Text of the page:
Monday, August 13, 2012

OLEDs and Swords

At my undergraduate college, one of the first things you are given to do in materials science lab is to make a small version of a samurai sword. Though the student body is certainly smart enough and they understand the principles, no one ever makes one that works, at least not to my knowledge. Success depends on getting the edge of the sword to follow the water quenching curve on the diagram while the time-temperature-transformation profile of the back of the sword more resembles the air cooling curve. Of course, the entire sword has to be water quenched at once. There is a story about a samurai sword maker that cut off the hand o his apprentice when the apprentice stuck his hand in the quench water to see what temperature it was; the water temperature was a secret that the master was not ready to reveal. The diagram above is referred to as a Time-Temperature-Tansformation (TTT) curve.

The entire process is very dynamic and analysis of the end product does not necessarily tell you what went on. The problem with a student sitting down and figuring this all out is that there are multiple variables and the entire process is very non-linear; the difference between being very close and being a million mils away is not always apparent. Sometimes it does not matter how smart you are, you have to have the right recipe. That is why a number of companies have sprung up in silicon valley that offer a process for testing multiple micro-samples at once, to speed up the process of finding the right recipe. This differs substantially from a normal product development where all of the sub-components can be tested separately. A valley VC that specializes in materials based companies once told me that he never actually invests in a company that has yet to complete their materials development. This is in part, why there are so few technical glass companies in the world. A lot depends on their experience and catalog of recipes (glass chemistry, furnace chemistry, heat treating, etc.) that they have built up over time. Sometimes tramp chemical elements in the parts per billion range can have a dramatic effect on the product outcome. As semi-conductor makers are aware, softly whispering the word alkali in the fab can put enough sodium in the product to kill production. It was a parts per billion chemistry issue (with a phosphor poison) that originally put Westinghouse, the inventor of the active matrix LCD, out of the TV business.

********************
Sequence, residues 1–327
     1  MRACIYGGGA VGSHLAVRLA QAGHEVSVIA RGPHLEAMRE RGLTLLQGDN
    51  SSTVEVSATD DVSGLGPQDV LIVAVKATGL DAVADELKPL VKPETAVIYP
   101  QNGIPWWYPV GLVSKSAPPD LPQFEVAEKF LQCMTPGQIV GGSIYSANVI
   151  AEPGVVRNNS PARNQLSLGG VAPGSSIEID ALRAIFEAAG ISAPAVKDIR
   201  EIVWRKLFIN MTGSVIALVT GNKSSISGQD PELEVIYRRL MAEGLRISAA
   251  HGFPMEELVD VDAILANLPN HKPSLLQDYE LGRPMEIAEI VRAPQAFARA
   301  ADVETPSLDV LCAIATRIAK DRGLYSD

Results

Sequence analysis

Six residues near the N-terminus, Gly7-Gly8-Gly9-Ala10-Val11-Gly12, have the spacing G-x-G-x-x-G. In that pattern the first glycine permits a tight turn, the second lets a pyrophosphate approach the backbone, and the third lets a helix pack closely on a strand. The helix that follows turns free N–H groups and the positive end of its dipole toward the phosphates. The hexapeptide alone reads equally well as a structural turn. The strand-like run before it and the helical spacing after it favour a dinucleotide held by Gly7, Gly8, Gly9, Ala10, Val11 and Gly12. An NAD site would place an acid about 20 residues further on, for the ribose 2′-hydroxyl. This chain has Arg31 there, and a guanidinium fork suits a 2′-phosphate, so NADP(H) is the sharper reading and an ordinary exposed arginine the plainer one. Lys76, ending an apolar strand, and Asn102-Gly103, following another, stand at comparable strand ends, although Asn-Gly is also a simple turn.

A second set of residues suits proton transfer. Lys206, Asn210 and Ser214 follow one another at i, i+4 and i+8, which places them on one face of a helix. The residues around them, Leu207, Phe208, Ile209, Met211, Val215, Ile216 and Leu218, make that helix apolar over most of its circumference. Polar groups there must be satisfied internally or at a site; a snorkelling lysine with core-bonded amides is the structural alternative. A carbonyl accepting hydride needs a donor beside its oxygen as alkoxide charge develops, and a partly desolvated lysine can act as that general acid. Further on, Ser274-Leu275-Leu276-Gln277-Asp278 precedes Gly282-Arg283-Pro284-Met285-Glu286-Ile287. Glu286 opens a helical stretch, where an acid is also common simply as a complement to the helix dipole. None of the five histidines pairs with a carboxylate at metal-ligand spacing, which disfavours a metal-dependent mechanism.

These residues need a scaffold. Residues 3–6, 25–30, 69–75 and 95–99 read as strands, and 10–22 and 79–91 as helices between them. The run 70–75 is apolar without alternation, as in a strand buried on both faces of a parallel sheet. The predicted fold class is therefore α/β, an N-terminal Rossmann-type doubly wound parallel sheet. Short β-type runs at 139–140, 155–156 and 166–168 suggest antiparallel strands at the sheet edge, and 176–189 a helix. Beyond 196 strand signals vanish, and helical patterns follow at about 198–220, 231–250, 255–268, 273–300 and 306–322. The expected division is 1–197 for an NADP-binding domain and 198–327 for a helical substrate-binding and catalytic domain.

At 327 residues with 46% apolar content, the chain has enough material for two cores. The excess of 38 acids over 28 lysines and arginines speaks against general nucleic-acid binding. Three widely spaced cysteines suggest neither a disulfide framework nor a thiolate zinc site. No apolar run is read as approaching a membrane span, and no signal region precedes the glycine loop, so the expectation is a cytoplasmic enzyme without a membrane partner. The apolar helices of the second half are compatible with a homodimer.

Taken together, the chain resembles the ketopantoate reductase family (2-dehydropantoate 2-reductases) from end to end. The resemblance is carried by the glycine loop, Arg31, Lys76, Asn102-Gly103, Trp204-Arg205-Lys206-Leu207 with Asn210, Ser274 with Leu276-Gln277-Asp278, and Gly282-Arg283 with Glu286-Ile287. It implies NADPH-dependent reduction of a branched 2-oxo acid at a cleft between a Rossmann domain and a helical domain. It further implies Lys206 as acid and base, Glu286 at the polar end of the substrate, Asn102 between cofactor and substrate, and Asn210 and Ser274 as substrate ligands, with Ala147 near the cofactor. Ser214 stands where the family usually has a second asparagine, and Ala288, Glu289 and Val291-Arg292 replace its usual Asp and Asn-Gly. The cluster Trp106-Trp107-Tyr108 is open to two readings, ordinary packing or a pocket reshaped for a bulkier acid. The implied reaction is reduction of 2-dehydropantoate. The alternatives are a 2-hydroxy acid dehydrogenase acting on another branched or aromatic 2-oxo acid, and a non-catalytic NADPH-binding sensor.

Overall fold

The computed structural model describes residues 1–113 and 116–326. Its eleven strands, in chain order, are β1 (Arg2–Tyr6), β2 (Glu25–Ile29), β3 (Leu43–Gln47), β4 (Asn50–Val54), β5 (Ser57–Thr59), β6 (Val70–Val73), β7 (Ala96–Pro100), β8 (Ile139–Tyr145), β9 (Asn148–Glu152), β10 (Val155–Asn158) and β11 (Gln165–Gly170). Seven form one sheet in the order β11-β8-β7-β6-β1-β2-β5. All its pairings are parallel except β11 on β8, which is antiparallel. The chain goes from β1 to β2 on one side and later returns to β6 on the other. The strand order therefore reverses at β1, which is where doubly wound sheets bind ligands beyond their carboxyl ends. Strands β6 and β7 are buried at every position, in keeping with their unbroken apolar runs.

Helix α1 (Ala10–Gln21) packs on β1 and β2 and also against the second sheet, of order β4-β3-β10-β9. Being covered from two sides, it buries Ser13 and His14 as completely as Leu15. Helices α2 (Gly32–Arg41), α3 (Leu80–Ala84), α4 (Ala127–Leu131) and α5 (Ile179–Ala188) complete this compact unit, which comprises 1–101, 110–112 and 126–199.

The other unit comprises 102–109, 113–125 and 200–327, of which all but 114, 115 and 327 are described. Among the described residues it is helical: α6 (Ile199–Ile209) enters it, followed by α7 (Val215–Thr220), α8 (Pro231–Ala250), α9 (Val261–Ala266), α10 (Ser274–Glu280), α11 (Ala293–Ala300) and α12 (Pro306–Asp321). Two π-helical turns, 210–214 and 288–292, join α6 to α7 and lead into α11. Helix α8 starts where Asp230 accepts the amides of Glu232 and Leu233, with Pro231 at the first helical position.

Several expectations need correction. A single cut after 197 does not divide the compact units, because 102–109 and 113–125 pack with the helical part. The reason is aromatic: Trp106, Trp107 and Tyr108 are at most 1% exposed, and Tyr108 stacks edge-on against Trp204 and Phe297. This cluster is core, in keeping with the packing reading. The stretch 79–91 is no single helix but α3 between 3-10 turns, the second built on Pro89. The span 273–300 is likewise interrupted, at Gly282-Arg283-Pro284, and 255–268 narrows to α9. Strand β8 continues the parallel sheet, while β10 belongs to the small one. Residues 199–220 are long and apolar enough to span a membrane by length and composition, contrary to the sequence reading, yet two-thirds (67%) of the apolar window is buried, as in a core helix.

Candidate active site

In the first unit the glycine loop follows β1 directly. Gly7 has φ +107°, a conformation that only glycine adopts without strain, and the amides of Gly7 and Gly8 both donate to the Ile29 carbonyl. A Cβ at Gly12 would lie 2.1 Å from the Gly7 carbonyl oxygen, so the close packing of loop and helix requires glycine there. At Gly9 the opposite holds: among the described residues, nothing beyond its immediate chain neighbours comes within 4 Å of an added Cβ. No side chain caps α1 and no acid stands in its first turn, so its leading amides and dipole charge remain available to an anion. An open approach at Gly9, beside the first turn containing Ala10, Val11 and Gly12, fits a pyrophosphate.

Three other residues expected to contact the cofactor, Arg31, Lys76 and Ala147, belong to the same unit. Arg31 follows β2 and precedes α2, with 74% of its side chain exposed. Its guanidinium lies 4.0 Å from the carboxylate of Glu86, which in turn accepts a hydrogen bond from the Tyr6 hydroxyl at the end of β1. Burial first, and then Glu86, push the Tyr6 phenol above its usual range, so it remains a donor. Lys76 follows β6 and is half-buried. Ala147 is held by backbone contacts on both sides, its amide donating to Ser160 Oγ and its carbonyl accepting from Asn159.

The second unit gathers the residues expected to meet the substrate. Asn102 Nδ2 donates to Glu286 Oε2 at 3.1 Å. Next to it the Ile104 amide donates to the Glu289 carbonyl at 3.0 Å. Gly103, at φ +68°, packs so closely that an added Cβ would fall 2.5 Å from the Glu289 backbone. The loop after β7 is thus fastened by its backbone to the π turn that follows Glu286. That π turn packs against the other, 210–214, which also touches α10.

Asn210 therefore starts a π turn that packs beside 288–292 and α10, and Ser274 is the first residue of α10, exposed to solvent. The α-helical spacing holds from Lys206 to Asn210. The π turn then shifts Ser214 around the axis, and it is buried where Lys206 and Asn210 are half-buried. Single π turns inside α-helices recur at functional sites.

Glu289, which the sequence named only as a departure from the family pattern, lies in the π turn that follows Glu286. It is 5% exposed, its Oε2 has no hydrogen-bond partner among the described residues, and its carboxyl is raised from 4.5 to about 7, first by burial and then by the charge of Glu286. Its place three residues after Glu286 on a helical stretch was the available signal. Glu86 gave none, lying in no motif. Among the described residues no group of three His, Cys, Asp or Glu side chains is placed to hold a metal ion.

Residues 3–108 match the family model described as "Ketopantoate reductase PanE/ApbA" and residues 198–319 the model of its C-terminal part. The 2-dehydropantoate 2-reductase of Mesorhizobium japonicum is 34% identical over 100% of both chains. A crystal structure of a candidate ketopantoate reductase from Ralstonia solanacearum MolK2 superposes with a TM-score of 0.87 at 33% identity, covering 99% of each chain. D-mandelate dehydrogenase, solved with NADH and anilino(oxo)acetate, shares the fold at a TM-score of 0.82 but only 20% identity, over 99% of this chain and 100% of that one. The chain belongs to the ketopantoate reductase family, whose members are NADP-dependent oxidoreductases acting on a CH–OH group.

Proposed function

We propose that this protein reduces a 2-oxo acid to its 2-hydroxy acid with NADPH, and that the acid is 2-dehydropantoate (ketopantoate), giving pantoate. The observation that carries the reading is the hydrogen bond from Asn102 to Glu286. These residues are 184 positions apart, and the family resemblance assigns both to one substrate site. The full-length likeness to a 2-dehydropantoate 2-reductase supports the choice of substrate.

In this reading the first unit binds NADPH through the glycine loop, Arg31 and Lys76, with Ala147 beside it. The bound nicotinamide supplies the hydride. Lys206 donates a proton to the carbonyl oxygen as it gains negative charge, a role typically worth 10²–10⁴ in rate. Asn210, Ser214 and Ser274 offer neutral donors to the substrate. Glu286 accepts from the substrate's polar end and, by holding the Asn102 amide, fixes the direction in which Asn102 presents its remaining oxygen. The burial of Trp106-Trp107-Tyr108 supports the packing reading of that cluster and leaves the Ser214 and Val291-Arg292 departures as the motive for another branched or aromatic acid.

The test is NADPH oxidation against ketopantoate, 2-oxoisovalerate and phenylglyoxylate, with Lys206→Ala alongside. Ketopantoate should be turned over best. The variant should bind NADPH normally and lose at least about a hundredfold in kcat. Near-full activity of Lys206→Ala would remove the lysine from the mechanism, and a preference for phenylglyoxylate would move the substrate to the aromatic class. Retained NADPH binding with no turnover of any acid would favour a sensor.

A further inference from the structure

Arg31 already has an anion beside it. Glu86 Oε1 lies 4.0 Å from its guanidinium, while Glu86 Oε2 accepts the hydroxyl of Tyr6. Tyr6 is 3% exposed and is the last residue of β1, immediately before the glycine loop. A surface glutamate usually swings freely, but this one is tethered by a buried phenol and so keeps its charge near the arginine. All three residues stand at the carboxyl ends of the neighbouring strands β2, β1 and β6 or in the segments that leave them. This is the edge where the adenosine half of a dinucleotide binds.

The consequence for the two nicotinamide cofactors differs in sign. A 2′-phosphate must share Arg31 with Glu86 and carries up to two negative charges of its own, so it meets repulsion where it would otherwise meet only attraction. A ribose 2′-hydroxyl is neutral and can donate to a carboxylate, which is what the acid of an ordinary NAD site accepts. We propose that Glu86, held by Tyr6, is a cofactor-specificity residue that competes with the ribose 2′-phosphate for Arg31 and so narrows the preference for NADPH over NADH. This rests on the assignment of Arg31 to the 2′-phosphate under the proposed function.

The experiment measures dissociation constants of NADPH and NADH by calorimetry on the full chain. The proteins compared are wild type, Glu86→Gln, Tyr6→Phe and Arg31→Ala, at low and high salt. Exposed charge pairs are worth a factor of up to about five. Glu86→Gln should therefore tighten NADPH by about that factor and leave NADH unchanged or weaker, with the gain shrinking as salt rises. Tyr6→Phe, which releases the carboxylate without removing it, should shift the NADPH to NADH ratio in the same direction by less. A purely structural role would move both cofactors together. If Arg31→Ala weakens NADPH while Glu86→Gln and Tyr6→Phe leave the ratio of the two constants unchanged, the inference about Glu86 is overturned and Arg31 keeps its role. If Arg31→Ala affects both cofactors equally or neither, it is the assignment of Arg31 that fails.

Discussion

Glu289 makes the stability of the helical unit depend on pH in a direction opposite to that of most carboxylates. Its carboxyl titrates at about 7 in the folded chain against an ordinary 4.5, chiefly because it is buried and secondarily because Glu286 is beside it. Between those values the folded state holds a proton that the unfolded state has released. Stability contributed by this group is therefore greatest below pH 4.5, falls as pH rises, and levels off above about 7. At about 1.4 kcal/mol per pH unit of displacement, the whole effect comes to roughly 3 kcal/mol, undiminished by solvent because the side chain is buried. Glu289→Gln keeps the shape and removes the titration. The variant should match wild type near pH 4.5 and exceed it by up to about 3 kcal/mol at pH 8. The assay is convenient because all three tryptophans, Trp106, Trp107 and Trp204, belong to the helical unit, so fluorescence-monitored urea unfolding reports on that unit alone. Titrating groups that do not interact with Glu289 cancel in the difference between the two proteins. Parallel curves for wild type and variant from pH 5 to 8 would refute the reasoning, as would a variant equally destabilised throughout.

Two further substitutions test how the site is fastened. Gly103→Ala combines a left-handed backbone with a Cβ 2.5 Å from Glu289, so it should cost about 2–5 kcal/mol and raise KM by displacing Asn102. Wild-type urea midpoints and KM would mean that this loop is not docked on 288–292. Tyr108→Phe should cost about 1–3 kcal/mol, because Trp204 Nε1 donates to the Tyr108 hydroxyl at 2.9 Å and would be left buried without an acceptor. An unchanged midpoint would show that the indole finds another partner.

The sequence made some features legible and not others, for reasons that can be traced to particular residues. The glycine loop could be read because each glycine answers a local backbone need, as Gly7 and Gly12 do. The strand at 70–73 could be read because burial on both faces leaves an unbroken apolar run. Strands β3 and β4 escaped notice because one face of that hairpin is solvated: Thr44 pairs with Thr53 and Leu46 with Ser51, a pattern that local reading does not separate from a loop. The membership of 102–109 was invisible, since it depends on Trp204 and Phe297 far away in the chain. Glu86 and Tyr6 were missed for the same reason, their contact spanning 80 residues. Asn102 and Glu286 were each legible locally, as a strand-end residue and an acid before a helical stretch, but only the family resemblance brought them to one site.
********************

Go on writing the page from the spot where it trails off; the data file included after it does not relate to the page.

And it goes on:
OLED process development has exactly the same issues.


  1. A bit more on chemistry.... Glassmaking furnaces have to be periodically rebuilt. At one point, at the company where I was working, a newly rebuilt furnace came into production with the glass foaming (lots and lots of bubbles). Considerable effort was put into fixing the problem until someone decided to contact the furnace foreman, who had retired since the last rebuild. He said that he had no idea what was making the glass foam but that he traditionally threw a silver dollar into a rebuilt furnace for good luck.

    The issue that Westinghouse had with their TV production was that someone replaced a stainless steel washwater filter with a copper coated filter. It deposited just enough copper on the product so that their TV tubes would start going dark, after about 6 months in the field.

  2. At one point in time, Corning developed a glass razor blade; it never wore out. It was judged uneconomic to go into production because you could only ever sell one to each person.


Note: Only a member of this blog may post a comment.